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Friday, 16 January 2009

Open letter to Stephen Carter - One Fibre Nation

Dear Stephen Carter,

I hope you are well and your Digital Britain report is progressing nicely. Perhaps you might like to consider the points raised here when writing it and advising government?

Knowing, as we all do, that the EndGame is Fibre To Every Home, the new Universal Service Obligation (USO) is inadequate.

It simply doesn't up the broadband bar sufficiently (considering it may last as long as the previous - 28 years), nor does the inclusion of mobile broadband begin to solve the problems in rural areas; perversely, it is more likely to perpetuate the digital division and entrench a new digital class system.

The issue then is social cohesion and there is a very simple solution:

Acknowledge that there is market failure today and mandate that ALL rural areas be given primary focus with Gordon Brown's proposed infrastructure funding (let's just assume he is going to do that), and so your report needs to emphasise rural areas first with FIBRE from START to FINISH, from home to world - I have been saying this since my speech at BSG1 conference in Oct 2001.

The money should not go to the telcos directly - see the arguments on this elsewhere.

Certainly telcos, existing and emerging alike, should be able to bid to design, build, and operate eNdGAme Fibre. That is not an issue.

The point is who owns the resultant infrastructure assets.

If this is to be public (our/my) money being spent, then there will be an IOU to be paid for by future taxation, hence it is with the best interests of future generations in mind that we as a society must act now.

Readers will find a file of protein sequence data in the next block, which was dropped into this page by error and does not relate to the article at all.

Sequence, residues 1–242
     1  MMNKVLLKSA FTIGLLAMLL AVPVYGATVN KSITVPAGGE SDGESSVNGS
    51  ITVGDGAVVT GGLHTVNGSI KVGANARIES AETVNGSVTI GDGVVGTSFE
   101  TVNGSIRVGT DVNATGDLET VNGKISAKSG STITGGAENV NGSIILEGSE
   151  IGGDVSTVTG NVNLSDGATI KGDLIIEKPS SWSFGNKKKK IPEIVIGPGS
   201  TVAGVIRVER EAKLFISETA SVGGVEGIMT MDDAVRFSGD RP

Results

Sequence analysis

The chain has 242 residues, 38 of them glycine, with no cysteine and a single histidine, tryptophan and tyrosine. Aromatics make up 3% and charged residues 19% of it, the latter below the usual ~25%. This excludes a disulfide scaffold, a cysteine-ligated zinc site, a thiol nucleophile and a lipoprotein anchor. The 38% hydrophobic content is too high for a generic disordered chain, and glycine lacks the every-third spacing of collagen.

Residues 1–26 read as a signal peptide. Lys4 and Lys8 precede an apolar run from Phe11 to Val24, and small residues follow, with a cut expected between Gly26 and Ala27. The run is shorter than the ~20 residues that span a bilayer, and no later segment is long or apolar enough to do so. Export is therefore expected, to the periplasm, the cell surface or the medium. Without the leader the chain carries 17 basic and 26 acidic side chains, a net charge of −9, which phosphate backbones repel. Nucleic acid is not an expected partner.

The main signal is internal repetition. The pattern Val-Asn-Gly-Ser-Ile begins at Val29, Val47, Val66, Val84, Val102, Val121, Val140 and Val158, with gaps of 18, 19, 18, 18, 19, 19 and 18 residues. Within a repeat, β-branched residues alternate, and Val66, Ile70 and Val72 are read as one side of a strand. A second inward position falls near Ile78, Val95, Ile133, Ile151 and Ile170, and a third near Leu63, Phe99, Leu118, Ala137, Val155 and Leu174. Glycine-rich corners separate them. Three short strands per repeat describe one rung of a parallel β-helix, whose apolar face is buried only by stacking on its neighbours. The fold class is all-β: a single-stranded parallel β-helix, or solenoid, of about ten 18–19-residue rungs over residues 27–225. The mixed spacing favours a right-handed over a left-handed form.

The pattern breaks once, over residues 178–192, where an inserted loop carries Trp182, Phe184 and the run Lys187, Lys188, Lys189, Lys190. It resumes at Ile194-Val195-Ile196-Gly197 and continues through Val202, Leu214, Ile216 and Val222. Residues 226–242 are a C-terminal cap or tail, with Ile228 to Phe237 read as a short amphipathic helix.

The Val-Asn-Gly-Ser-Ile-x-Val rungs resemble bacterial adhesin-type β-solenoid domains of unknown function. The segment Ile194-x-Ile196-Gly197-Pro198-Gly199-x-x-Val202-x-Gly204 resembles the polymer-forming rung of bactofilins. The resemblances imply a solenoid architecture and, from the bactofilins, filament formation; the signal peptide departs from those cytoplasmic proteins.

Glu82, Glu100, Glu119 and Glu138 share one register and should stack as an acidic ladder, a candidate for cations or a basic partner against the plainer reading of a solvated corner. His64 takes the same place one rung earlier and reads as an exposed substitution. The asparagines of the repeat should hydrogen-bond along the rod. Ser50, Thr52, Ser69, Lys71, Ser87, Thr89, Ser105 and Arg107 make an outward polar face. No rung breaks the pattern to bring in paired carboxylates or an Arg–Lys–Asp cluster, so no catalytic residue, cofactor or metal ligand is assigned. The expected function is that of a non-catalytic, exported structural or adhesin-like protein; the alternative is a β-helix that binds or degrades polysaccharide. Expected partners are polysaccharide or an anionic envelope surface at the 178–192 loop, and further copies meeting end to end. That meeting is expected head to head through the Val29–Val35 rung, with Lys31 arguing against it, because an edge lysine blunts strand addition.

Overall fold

Wireless/mobile should ONLY be used as a core broadband solution (rather than as an add-on to create the wireless cloud for mobility, access from any device, anywhere etc) if there is no way it can EVER be financially viable to reach a specific hamlet/remote village even if the civils were done by the locals eg capex of fibre, etc.

And even then, the economics to prove non-viability MUST include the benefits to the local economy were that hamlet/village/market town to be fibred up and potentially every resident able to create a business, benefit from reduced cost telemedicine, or increased access to education, and thereby contribute into the national economy.

*The social capital must be weighed up with the capex and opex when assessing the financial viability of fibre. *

If remote and rural citizens cost LESS to the economy of UK Plc, once fibred
up, for the basics - health and education - than they do currently, that is
part of the economic equation which proves fibre viability. (Analysys Mason
was doing some work on this previously 2005/6 ish, I don't know if it was ever published.)

Whilst costing less, they can potentially become worth more through wealth creation once they have fibre in their daily diet. The assumption that the economics of fibre are all about the telcos' profits is deeply flawed, and there is plenty of data showing what happens when you use fibre to regenerate rural areas from right across the world now.

Deploying fibre in rural areas first is a no-brainer. I and others have now been proven right that demand in rural areas is highest, with Ofcom's own statistics showing this for starters. As I have always said, the low hanging fruit is not in cities at all - that is a total fallacy.

What we should be looking at is:

Mutual Community Interest Asset Ownership – CIAO

Let us as a Fibre Nation say CIAO to outdated exploitative business models and JFDI the right way.

Yours etc

1 comment:

Cyberdoyle said...

Rock on!
I hope he reads your letter...